Philosophies of Crime Fiction

Deleuze: The Philosophy of Crime Novels
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These books showcase authors telling great stories about horrifying or seemingly mundane events. The result, according to philosopher A. Danielewski Pirsig Download Irvin D. Invisible Man by Ralph Ellison A nameless black narrator describes his journey from a black community in the American South to New York City and the fight for equal rights in this winner of the U.

National Book Award. It was adapted into the Academy Award-nominated film by Stanley Kubrick. A graphic novel? A murder mystery wrapped in philosophy? A parable about geometric shapes? These books will give your brain a workout in more ways than one. Watchmen by Alan Moore Heinlein The U. Le Guin This novel about a physicist who travels to the utopian planet Anarres to challenge the isolation and hatred of his home planet was named Best Novel at the Nebula Awards, the Hugo Awards and the Locus Awards.

Abbott Plot in crime fiction contains three essential elements: pathos, peripeteia change in the plot , discovery. Pathos consists of an act that leads to destruction or agony such as death, injury and the like. Pathos should be used to serve the consequences of the criminal act, and not to create a thrill or disguise a weakness in the plot.

Peripeteia may affect a single protagonist or all of them: a rich person can be turned into a corpse by murder, or a wrongfully accused person may be saved from death row as a result of exonerating evidence. Such plot twists make for an action-filled story and evoke emotions such as fear and pity in the reader.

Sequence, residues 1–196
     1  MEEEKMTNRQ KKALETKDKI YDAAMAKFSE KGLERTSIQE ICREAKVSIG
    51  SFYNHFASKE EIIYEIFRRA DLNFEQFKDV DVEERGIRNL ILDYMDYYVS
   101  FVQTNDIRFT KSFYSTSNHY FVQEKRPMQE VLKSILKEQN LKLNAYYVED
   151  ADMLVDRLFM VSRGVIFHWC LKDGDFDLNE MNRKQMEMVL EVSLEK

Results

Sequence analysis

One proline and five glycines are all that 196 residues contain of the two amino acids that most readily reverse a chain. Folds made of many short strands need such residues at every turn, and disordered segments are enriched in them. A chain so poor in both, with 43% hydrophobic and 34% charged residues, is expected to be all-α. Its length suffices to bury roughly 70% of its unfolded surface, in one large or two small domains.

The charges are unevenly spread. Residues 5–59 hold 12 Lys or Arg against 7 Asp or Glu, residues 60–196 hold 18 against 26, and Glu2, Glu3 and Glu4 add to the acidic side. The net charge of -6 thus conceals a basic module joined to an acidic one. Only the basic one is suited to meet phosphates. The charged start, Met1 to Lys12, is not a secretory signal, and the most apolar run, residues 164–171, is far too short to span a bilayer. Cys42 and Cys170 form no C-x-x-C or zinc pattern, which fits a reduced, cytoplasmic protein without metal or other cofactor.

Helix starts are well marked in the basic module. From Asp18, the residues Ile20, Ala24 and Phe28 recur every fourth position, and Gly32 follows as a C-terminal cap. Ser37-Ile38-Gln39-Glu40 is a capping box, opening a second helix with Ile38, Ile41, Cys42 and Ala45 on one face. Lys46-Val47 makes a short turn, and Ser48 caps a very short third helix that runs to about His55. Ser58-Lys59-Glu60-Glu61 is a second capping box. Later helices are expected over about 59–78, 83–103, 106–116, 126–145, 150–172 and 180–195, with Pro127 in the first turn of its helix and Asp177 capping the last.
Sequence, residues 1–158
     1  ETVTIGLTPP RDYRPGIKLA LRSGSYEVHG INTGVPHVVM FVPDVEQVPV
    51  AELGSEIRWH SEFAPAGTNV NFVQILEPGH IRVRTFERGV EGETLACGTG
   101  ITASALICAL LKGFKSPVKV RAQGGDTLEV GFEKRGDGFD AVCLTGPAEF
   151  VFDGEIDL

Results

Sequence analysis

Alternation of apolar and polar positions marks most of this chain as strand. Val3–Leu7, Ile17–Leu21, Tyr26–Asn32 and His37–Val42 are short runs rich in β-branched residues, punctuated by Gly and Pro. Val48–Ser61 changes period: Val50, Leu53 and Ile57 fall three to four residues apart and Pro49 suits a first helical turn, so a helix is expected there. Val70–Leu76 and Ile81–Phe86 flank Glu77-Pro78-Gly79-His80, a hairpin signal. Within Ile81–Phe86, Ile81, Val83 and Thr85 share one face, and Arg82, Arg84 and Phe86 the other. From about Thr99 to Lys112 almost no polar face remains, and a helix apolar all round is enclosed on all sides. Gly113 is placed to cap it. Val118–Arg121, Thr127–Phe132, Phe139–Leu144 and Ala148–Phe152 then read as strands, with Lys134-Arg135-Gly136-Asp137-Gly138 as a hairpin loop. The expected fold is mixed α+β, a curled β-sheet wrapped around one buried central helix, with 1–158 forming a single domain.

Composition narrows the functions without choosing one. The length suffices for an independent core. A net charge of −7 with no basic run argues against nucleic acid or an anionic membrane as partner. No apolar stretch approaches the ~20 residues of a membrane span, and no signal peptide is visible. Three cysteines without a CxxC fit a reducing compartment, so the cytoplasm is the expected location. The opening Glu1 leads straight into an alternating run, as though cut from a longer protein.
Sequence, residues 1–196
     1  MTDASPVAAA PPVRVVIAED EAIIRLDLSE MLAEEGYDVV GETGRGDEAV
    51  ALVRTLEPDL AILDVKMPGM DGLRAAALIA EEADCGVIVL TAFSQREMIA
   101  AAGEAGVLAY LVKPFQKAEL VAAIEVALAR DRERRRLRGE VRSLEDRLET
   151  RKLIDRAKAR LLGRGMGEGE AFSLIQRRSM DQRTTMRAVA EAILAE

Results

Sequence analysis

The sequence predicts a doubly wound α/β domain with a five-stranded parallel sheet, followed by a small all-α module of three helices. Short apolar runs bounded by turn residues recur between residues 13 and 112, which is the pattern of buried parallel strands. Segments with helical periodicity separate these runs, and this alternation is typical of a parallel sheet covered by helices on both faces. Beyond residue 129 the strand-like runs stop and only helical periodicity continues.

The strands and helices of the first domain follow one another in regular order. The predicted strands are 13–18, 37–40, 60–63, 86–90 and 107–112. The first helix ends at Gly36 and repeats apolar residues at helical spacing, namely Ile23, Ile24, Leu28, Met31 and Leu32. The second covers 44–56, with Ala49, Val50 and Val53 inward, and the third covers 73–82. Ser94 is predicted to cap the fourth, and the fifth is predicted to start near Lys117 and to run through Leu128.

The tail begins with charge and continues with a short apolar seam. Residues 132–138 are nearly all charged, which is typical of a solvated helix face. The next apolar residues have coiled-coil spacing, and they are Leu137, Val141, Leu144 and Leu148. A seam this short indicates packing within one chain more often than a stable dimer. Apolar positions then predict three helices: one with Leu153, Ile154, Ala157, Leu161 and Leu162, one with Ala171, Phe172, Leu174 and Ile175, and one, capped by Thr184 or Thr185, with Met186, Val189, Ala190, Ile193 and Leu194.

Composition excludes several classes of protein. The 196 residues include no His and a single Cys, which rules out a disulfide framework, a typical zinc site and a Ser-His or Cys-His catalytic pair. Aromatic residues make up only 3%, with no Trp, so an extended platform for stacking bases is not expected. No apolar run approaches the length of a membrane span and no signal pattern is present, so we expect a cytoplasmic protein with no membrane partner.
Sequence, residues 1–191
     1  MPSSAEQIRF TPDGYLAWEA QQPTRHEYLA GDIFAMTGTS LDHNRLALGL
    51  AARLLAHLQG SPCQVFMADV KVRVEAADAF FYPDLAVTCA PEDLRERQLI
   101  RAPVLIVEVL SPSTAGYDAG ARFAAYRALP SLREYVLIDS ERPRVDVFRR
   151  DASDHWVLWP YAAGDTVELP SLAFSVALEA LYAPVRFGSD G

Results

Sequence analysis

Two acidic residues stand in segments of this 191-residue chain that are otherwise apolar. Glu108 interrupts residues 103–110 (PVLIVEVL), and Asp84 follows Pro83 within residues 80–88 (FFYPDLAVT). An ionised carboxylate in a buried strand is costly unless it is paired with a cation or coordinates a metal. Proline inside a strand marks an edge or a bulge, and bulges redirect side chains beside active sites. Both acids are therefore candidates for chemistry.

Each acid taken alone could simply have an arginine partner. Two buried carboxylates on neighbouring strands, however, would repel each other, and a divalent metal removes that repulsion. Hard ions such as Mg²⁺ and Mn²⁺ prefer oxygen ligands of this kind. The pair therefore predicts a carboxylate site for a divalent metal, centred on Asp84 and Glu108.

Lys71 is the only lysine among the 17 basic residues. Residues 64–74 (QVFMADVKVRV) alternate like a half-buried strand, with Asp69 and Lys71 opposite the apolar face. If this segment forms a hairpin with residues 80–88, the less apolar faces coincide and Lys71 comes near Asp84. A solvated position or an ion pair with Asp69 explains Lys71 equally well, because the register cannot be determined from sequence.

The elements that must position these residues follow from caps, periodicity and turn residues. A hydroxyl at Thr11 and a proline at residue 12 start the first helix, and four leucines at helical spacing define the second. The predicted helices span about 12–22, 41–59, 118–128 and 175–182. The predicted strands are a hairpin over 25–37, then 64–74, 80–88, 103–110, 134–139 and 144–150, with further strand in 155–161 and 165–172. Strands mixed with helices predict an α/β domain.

Ideally, fateful incidents should result from a mistake by the person concerned rather than by chance. For example, a detective might himself create problems due to an erroneous observation or hastily drawn conclusions. Or an innocent suspect brings himself into a precarious situation because he has suppressed evidence, and so on. Discoveries lead to the solving of the crime and generally relate to the perpetrator's identity or the sequence of events.

Discoveries made by the author himself are particularly questionable in detective stories and are only considered when the perpetrator is known. Often, the discovery is made based on clues.

It is also common for discoveries to be made based on memories; for instance, when the detective remembers a previous technical process similar to the one used to commit this particular murder. The most common method is the discovery by conclusion, where, based on crime scene evidence and the time of the crime, only one person fitting all criteria could possibly be the murderer. Aristotle is also aware of the discovery by misconception, which Sayers interprets as a discovery by bluff.